California's Electronic Violent Death Reporting System (CalEVDRS)
To better understand the circumstances and the risk factors that lead to violent deaths in California through the use of innovative, efficient data collection from the richest data sources on violent deaths.
From 2005 through 2008, California was one of 17 states participating in the National Violent Death Reporting System (NVDRS), funded by the Centers of Disease Control and Prevention (CDC). Under NVDRS, we contracted with county health departments to collect data on violent deaths from four data sources – death certificates, coroner/medical examiner records, police reports, and crime laboratory records. Traditionally, public health tries to understand these deaths by analyzing death certificates alone, which describe the victim but tell little about the circumstances. To get a more complete picture of each death, NVDRS takes advantage of all data sources available.
During its four years of data collection, the California Department of Public Health (CDPH) compiled detailed information on circumstances of more than 10,000 violent deaths, including homicides and suicides. With the participation of Alameda, Los Angeles, Riverside, San Francisco, Santa Clara, and Shasta Counties, we have valuable information on approximately half the state’s violent deaths during this time. This information can be used to inform violence prevention policies in California.
Unfortunately, due to its size, decentralized government, privacy concerns and lack of resources among law enforcement agencies, California was unable to obtain law enforcement records required by NVDRS and could not reapply for funding. Fortunately, CDPH had realized this incompatibility early on in the NVDRS grant and, in its commitment to expand this valuable program statewide, secured funding to develop CalEVDRS, a more practical model than the labor-intensive NVDRS.
CalEVDRS took advantage of California’s Electronic Death Registration System (CA-EDRS), created in 2005 to allow counties to file death certificates online instead of mailing paper forms. Using funds from The David and Lucile Packard Foundation, we created a violent death supplement to death certificates in CA-EDRS, which captures information from coroners on violent death. To ensure a smooth transition from NVDRS, CalEVDRS data elements were created according to NVDRS specifications and can be transmitted to NVDRS if CDC desires them. Law enforcement data for homicides are linked using Supplementary Homicide Reports (SHR) from the California Department of Justice.
Given their commitment to violence prevention, The California Wellness Foundation (TCWF) funded us to continue developing this system by allowing us to pay coroners to complete this supplement. As of 2010, fourteen counties are contributing data to this system, boosting our multi-source data on violent deaths to approximately 57% of the state's total and two-thirds of all homicides in California. We are also using these funds to improve CA-EDRS so that counties can transfer data electronically from any software to CA-EDRS, instead of entering data directly into CA-EDRS. This could increase participation even more and limit the cost of doing so.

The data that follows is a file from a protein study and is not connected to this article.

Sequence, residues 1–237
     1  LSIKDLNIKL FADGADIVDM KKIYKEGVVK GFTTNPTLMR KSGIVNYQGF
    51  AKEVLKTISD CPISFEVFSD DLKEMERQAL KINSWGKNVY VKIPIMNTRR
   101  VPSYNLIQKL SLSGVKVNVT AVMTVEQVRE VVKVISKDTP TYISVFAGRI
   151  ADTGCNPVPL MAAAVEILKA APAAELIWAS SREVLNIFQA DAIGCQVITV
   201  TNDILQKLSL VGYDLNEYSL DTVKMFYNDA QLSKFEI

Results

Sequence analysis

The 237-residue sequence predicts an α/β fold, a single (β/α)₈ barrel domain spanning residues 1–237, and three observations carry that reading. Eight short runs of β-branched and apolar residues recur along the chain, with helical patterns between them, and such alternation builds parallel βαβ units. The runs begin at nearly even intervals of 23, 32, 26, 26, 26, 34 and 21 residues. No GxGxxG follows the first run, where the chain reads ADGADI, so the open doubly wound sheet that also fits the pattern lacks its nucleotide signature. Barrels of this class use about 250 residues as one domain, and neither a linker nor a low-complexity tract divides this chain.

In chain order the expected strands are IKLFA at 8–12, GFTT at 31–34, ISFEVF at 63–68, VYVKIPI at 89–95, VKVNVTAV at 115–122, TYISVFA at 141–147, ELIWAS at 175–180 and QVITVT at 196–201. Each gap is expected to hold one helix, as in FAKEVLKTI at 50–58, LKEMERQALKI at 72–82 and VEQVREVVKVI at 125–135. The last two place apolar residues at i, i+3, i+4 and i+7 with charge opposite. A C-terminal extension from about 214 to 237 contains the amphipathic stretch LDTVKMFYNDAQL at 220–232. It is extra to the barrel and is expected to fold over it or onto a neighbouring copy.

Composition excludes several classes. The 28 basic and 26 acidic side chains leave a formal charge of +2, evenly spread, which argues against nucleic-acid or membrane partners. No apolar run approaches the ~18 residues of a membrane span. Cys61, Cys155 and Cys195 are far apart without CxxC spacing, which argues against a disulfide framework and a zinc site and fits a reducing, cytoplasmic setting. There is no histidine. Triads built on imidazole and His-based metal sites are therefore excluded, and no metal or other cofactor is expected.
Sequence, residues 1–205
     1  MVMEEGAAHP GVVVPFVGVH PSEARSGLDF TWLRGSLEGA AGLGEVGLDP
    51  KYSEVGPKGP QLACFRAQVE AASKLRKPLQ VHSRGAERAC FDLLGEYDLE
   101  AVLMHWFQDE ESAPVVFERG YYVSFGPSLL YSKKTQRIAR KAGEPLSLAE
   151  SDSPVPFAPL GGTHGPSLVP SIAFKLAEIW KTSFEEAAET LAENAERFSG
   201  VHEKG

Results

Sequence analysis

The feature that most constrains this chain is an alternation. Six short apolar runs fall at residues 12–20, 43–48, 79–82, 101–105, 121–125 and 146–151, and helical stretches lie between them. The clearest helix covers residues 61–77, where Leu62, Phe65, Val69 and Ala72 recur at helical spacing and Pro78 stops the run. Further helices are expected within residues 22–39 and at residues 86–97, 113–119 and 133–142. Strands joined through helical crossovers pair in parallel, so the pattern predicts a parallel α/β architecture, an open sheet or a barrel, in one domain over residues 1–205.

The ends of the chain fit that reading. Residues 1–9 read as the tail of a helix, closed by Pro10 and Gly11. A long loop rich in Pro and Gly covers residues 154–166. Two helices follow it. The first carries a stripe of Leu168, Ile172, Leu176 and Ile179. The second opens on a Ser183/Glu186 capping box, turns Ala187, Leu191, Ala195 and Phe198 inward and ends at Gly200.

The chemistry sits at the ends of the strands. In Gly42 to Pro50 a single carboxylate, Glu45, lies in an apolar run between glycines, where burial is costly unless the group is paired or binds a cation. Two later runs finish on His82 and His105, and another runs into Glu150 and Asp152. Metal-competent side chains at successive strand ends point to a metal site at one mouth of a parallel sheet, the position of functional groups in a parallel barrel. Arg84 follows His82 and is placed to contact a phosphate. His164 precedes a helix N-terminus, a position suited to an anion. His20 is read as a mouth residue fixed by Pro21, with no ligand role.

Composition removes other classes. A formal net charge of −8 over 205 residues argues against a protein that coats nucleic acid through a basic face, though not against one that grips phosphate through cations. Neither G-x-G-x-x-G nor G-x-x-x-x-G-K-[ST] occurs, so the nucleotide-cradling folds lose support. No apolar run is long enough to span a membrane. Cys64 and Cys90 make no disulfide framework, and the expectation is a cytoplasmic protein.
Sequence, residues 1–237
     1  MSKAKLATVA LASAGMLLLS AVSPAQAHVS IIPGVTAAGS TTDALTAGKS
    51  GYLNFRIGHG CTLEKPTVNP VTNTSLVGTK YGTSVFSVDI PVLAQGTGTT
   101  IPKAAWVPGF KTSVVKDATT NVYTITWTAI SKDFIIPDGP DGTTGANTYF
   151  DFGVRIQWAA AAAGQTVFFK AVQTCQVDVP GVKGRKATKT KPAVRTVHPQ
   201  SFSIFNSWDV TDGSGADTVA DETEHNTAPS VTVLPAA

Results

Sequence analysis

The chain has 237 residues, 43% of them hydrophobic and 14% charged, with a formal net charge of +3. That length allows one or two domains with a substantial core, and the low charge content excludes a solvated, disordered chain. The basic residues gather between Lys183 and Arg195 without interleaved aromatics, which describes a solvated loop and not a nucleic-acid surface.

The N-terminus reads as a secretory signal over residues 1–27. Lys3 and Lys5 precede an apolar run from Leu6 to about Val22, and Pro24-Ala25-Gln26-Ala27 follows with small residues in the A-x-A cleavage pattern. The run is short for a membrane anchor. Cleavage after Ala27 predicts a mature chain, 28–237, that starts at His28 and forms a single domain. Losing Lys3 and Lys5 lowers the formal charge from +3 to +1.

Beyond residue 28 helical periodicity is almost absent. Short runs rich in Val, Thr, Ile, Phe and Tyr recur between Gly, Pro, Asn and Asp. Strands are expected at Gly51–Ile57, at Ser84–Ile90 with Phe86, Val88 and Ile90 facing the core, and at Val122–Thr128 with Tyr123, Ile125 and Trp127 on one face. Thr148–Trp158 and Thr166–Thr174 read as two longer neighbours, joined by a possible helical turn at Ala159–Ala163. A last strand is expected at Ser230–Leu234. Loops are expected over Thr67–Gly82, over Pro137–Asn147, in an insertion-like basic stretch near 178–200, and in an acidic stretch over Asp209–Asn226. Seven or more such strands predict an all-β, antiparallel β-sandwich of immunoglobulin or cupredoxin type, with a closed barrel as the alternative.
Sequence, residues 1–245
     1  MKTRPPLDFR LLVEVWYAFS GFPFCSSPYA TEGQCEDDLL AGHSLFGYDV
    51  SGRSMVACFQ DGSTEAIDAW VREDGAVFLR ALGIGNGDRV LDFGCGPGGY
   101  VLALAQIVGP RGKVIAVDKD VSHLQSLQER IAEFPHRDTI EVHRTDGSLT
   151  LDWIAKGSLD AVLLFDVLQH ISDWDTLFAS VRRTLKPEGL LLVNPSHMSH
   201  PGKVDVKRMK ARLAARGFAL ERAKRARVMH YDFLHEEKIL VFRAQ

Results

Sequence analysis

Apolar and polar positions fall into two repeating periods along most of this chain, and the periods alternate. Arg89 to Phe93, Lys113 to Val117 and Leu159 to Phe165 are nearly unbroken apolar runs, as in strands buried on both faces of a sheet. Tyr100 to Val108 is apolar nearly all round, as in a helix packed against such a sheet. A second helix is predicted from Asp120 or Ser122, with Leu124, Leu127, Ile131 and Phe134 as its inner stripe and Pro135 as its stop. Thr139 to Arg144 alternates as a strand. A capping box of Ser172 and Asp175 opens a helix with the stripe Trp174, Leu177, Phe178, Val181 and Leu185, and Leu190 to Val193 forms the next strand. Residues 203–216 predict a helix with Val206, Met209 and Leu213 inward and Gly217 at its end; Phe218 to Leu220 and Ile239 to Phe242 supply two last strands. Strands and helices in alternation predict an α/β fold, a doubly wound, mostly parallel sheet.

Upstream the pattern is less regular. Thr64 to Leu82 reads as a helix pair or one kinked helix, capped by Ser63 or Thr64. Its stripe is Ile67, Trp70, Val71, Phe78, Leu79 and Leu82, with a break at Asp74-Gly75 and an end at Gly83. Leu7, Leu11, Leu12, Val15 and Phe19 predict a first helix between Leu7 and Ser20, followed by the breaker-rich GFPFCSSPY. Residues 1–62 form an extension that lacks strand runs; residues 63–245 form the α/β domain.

Data on the most common risk factors for violent deaths will be valuable to inform legislators, public health professionals, community leaders, and violence prevention advocates and allow them to make sound data-informed decisions.
Local health departments, county coroners, law enforcement agencies, and the California Department of Justice, who all provide data and will benefit from learning more about violent deaths in their communities.
CA-EDRS is a key partner as we utilize this system to collect our data and fund improvements to the system.
The California Wellness Foundation, who funds our project and uses the data to inform its violence prevention grant making decisions.
The California Research Bureau of the State Library, who is helping promote the value of this system to legislative staff.
Advocacy groups will be key partners as data are analyzed and used to make policy recommendations to prevent these deaths.
Since 2006, CalEVDRS has:
Utilized California's Electronic Death Registration System (CA-EDRS) to build an efficient web-based electronic violent death reporting system using NVDRS data specifications.
Expanded data collection from 6 to 14 counties, potentially capturing detailed information on two-thirds of all homicides in California and more than half of all violent deaths.
Presented data at the Department of Defense/Veteran Affairs Joint Suicide Prevention Conference and the American Association of Suicidology Annual Conference in 2009.
Provided data to agencies such as: California Department of Mental Health for the state Suicide Prevention Strategic Plan, Sacramento County Mental Health Department, California Office of Gang and Youth Violence Policy, California Research Bureau, and various county health departments.
Used its progress to promote this system among data providers and other agencies throughout the state.
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